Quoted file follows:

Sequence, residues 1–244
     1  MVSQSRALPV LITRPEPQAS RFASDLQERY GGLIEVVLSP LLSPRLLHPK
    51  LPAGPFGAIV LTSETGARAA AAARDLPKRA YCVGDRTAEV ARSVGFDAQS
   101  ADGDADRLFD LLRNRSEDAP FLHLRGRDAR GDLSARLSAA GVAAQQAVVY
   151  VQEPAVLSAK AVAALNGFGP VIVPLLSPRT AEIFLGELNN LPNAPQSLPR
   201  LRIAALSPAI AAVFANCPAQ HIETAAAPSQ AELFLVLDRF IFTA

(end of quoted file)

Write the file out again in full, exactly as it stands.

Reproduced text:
Sequence, residues 1–244
     1  MVSQSRALPV LITRPEPQAS RFASDLQERY GGLIEVVLSP LLSPRLLHPK
    51  LPAGPFGAIV LTSETGARAA AAARDLPKRA YCVGDRTAEV ARSVGFDAQS
   101  ADGDADRLFD LLRNRSEDAP FLHLRGRDAR GDLSARLSAA GVAAQQAVVY
   151  VQEPAVLSAK AVAALNGFGP VIVPLLSPRT AEIFLGELNN LPNAPQSLPR
   201  LRIAALSPAI AAVFANCPAQ HIETAAAPSQ AELFLVLDRF IFTA